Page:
Officials at the U.S. Government Accountability Office (GAO) have tried to provide an official answer to a burning Patient Protection and Affordable Care Act (PPACA) question: Why has the Small Health Options Program (SHOP) done so poorly?
GAO investigators prepared a report on the SHOP plan system at the request of Rep. Sam Graves, chairman of the House Small Business Committee. The investigators tried to find out just how the SHOP plans have actually performed, factors responsible for their performance, and ways to improve their performance in the coming year.
PPACA drafters created the SHOP system in an effort to offer small employers access to the same kinds of competitive, transparent markets and access to tax breaks that the PPACA individual exchange system provides for individuals. The state-based PPACA exchanges and the PPACA exchanges managed by the U.S. Department of Health and Human Services (HHS) now have more than 7 million paying customers enrolled in individual exchange “qualified health plans” (QHPs).
One finding: Even GAO investigators are unable to get data of any kind from HHS and the Centers for Medicare & Medicaid Services (CMS) on enrollment in SHOP QHPs. CMS, an arm of HHS, told the GAO that it hopes to have 2014 SHOP enrollment figures in early 2015, John Dicken, a GAO director, wrote in a summary of the GAO’s findings.
Investigators have found that the state-based QHPs have gotten about 76,000 employees, spouses and dependent children into SHOP plans. About 12,000 employers offer SHOP plans.
At the state level, the number of people known to be in state-based SHOP plans ranges from 42 in Washington state up to 33,696 in Vermont, which now requires all small groups to get their coverage through its SHOP exchange. New York and California, which both have new SHOP exchanges and no requirements for employers to use the SHOP system, each have about 10,000 people enrolled in SHOP plans.
For some of the GAO’s insights into what went wrong — and screenshots of some of the good parts, read on.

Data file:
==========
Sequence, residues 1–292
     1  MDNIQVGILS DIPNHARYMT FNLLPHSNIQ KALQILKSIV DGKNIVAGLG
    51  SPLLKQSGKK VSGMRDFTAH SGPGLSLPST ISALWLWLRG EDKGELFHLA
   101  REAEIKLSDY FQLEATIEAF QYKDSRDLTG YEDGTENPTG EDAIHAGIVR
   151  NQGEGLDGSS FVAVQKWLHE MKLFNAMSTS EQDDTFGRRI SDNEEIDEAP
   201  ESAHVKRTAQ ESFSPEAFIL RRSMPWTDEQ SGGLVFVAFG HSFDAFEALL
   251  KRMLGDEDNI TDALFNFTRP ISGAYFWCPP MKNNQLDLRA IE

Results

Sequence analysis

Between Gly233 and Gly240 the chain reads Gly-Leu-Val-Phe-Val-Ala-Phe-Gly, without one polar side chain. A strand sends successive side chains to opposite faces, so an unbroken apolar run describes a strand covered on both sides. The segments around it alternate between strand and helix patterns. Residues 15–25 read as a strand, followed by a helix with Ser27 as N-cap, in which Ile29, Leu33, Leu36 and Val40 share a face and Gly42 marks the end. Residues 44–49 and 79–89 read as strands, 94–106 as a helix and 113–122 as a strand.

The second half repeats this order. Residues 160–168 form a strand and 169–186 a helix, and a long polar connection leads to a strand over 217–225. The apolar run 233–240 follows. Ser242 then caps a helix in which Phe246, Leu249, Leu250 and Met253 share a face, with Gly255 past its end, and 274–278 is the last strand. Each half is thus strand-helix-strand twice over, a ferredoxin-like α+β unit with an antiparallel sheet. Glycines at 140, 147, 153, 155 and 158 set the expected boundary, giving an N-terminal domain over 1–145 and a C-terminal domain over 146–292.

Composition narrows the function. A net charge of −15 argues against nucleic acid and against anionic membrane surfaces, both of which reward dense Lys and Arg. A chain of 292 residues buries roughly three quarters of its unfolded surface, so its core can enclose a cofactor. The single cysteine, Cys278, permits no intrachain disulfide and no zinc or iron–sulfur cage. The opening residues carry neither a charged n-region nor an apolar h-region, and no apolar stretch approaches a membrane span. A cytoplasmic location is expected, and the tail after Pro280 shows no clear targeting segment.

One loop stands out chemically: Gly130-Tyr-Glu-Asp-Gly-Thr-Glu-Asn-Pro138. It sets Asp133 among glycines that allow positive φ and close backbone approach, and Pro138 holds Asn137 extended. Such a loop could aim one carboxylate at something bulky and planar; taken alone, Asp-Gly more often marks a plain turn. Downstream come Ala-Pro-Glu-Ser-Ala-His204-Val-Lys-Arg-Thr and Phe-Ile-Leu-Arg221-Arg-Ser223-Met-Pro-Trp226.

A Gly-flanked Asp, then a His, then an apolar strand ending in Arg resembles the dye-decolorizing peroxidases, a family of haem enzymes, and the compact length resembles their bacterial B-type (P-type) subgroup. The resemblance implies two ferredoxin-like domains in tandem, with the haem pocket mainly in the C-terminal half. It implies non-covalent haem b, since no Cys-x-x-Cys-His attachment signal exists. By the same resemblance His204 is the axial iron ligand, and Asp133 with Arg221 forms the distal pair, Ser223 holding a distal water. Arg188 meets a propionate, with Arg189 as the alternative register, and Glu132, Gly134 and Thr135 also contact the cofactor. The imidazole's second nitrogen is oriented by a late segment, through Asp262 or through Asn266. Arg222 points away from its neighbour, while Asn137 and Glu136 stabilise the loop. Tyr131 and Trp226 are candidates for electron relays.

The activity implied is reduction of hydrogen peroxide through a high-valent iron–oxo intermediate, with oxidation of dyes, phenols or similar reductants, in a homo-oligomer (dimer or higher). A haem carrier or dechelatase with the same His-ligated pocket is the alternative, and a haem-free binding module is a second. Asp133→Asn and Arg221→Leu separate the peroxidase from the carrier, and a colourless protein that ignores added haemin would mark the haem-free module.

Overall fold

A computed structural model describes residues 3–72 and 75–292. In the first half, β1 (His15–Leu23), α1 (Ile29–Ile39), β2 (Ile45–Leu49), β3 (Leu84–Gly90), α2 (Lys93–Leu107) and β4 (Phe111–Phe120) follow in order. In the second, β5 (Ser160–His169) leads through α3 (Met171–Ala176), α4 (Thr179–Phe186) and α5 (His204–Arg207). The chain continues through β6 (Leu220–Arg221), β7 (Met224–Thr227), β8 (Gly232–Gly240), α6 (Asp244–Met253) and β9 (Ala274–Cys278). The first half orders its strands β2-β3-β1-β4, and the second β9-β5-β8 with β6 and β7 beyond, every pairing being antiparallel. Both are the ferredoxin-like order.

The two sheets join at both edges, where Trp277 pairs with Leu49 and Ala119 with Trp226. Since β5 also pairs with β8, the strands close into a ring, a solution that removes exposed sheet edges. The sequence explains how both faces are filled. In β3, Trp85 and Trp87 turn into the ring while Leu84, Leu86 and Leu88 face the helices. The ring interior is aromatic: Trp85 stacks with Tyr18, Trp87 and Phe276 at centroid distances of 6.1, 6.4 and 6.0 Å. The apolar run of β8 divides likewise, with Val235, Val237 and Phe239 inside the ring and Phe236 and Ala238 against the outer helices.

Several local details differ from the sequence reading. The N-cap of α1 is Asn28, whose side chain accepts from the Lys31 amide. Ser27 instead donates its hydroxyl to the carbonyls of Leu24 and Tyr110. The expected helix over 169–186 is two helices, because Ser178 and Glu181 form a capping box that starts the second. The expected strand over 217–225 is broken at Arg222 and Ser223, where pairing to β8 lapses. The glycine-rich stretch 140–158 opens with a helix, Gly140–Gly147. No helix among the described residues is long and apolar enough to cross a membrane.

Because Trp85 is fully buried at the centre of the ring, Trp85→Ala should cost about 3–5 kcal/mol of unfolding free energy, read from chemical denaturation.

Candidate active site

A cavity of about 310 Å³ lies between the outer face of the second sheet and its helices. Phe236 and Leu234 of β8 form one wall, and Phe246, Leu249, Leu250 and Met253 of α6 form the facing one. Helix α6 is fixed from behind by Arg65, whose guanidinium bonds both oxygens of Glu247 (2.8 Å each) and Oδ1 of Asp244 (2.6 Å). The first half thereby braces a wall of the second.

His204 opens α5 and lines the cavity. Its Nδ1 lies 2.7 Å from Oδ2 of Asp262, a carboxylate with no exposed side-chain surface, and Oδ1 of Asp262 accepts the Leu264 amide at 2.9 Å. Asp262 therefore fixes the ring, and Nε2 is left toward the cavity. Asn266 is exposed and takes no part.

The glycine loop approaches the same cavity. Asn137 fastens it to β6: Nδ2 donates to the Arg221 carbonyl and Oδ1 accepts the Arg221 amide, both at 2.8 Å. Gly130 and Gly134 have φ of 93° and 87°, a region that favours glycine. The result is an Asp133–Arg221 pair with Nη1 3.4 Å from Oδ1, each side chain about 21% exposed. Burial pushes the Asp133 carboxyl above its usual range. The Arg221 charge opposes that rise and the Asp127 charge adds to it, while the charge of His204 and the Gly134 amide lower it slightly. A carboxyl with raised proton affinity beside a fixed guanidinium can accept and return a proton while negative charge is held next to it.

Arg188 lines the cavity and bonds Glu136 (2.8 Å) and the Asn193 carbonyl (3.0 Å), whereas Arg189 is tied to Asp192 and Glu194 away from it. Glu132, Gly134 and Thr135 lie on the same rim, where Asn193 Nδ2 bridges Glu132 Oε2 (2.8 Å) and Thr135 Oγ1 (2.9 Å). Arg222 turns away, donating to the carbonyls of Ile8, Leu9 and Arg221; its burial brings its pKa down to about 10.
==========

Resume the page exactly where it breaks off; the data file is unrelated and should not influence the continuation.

1. Exchange program managers took too long to make key SHOP plan features available.
One of the features PPACA supporters used to get the bill that became PPACA through Congress was that exchange users, including workers at small employers, would be able to choose from a menu of health plans.
Brokers, regulators, employers and others told the GAO that the lack small-group menu option in all states and other features may have hurt sales.
2. Even many agents and brokers thought the government had postponed the introduction of the entire SHOP plan program.
When CMS decided to delay small employer access to the menu option at the HHS-run exchanges, and many state-based exchanges also decided to put off implementing the menu program option, many agents, brokers, healthy policy watchers, and employers thought that meant the public exchanges were putting off the start of the entire SHOP program.
Employers actually could buy SHOP plans everywhere but in Washington state, and they could even get SHOP coverage in two counties in Washington state, but the misconception probably added to SHOP marketing and sales woes, Dicken says.
3. Decisions to let small employers keep pre-PPACA plans through “grandfathering” and “grandmothering” rules hurt sales of all PPACA-compliant plans, including SHOP plans.
Obama administration officials and state regulators dealt with exchange program glitches and employer group complaints by putting off the date when many employer plans would have to come into full compliance with PPACA. Many employers decided to stick with the partner they came in with.
4. Employers — and their agents and brokers — found that SHOP plans hard to use.
The employers that did set up SHOP plans did not have an easy time getting knowledgeable, polite, live-human help with problems. Stories of Web problems and customer service nightmares probably scared off some potential SHOP plan sponsors, Dicken says.
5. Exchanges had problems with working with agents and brokers.
Some exchange program managers had mixed feelings about working with agents and brokers, and some failed to offer producers basic tools because of all of the problems with getting the main individual enrollment sites working.
This year, the introduction of price quoting tools for producers, and the introduction of new and improved producer portals, could help, Dicken says.